One of the questions DogWatch Dealers are frequently asked is “Can my dog get out of the hidden fence containment area?” The answer is that if the initial training was done properly, this will rarely happen. If it does happen, it is usually for one of the following reasons. The first reason accounts for approximately 90% of all incidents.

1. Loose collar

The contact posts on all hidden fence collars (such as DogWatch®, Invisible Fence® and other brands) need to touch your dog’s skin in order to work. All quality containment systems give an audible (or vibration) warning to alert your dog that it is close to the containment boundary. The dog is trained to retreat when it hears (or feels) this warning. If the dog travels further, he will receive a mild but safe stimulation (also called a “correction”) from the receiver collar. Through a training program, your pet learns to recognize his fence boundaries and learns to stop at the warning signal. If your dog’s hidden fence collar is too loose, all you have is an expensive noise maker. It does not matter if your dog has just started using the hidden dog fence or if it has been on for years. If the collar is loose, the dog will figure it out eventually.

2. Dead Battery

All DogWatch Hidden Fence receiver collars have a battery life of 6 months to 2 years. Other dog fence collars have batteries that need changing every 2-3 months, or worse, have a rechargeable battery. The more often you need to change or charge the battery, the higher the likelihood of having a dead battery, which in turn increases the chance that your pet will leave the yard. Making sure your hidden dog fence has a long battery life, plus an indicator to let you know when the battery is low, will greatly reduce the chance of your dog leaving their containment boundary.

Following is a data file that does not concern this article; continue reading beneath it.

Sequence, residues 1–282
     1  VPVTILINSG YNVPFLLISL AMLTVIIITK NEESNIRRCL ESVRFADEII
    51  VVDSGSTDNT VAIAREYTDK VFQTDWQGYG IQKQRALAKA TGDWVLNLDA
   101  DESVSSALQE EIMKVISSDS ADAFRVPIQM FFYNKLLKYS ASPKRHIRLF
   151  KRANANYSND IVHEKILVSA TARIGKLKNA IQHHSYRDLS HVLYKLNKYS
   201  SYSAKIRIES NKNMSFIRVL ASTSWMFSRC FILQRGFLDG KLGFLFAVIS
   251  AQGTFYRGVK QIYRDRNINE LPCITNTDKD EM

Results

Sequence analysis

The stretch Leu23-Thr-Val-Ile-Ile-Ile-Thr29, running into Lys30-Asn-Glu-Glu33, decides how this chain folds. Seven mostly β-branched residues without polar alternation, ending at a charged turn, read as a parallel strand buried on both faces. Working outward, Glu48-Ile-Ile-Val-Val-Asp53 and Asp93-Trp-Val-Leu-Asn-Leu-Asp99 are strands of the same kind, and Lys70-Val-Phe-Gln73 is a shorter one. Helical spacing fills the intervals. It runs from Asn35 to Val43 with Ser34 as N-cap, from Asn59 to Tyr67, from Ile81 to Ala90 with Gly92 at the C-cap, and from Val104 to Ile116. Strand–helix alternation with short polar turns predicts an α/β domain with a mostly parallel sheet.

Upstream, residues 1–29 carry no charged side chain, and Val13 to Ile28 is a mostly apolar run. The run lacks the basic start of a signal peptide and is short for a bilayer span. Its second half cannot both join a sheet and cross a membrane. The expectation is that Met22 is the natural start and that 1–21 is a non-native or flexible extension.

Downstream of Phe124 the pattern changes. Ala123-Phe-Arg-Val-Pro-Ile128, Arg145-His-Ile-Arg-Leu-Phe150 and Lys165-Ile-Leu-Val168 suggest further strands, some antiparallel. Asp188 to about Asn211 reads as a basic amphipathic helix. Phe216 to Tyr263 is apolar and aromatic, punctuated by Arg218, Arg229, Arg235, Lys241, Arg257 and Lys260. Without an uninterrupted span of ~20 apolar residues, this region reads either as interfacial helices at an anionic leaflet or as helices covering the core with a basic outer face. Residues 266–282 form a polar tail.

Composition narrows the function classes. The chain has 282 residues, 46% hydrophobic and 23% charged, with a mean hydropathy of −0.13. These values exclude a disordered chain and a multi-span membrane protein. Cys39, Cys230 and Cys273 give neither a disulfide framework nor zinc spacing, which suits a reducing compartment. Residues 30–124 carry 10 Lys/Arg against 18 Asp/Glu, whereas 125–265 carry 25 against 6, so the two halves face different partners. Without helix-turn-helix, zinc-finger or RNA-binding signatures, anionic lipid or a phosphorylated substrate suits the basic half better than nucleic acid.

3. Lack of or improper training

Most reputable hidden dog fence companies include training with the installation. Not all companies are alike, however, when it comes to training, the most important part of the pet containment system. Just because a company offers a “certified trainer” does not mean that trainer has a lot of experience. There is no national, standardized certification program. A better indicator is how long the company has been in business and, more importantly, what other customers have to say about the training that is provided. Most quality hidden fence companies offer on-going training assistance and some kind of a performance guarantee. The training should also include the pet owner who has a responsibility to continue the prescribed training instruction. With good training and follow through from the pet owner, most dogs will learn to stay in the yard. Always keep your pet containment provider informed of any difficulties your might be experiencing and do not be afraid to ask for help. If your provider is not willing to help, then they are not the right company for you.

4. Faulty equipment

Your dog’s fence collar goes through a lot of wear and tear. Even expensive, high quality equipment can stop working. The most reliable way to ensure this does not happen is to regularly check to make sure the collar is functioning properly. Your hidden fence provider should provide you with the means to easily test your equipment. Also, make sure your pet’s receiver comes with a true Lifetime Warranty. Read the small print.

As long as you keep your pet’s containment collar nice and snug, make sure the receiver is functioning, the battery is fresh and you follow through with the training prescribed by your hidden fence provider there should be no reason why your fur baby would leave the safety of your yard.

The following blog post was adapted from a post written by Pat West, co-owner of DogWatch of Columbus.